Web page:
If you figure you’ll work part-time in retirement, you are not alone. Aegon’s third Retirement Readiness survey finds only 32% of employees expect to stop work completely at retirement age. Also, despite the improving economy, the survey found that pre-retirees are not confident they will lead a comfortable lifestyle. More than one-third (34%) of employees are pessimistic about having enough money to live on in retirement, and just 19% are very or extremely confident that they will be able to retire with a lifestyle they consider comfortable.
These results echo another recent survey by OneAmerica where 38% of respondents said they felt confident or very confident about maintaining their current lifestyles into retirement. In the OneAmerica survey, confidence about retirement preparation was greater with men (43%) than women (32%). Being knowledgeable about how much retirement income is needed for retirement seemed to boost individuals’ confidence. However, only 55% had calculated their retirement needs and just 35% worked with a financial adviser.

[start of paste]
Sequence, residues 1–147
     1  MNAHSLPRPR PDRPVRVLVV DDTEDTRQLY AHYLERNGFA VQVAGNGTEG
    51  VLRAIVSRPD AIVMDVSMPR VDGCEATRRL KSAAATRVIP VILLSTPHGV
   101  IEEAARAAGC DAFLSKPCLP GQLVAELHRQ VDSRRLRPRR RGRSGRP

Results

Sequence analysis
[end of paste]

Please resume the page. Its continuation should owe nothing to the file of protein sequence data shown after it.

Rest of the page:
The Aegon study’s conclusion that the notion of retirement as a single fixed date has changed, and that employers and governments must start treating retirement as a series of stages may be the confidence boost pre-retirees need. Perhaps considering transitioning into retirement would be far less stressful than confronting an absolute retirement. Planning to gradually leave the workforce would also have economic benefits – longer to save in a 401(k) and the ability to delay collecting Social Security benefits.
A transitional approach also makes sense as longevity increases and retirees could spend longer in “retirement” than they did working. Whether they get paid for part-time work or pursue volunteer endeavors, retirees who abandon the black and white distinction between work and leisure may be able to enjoy a more comfortable retirement.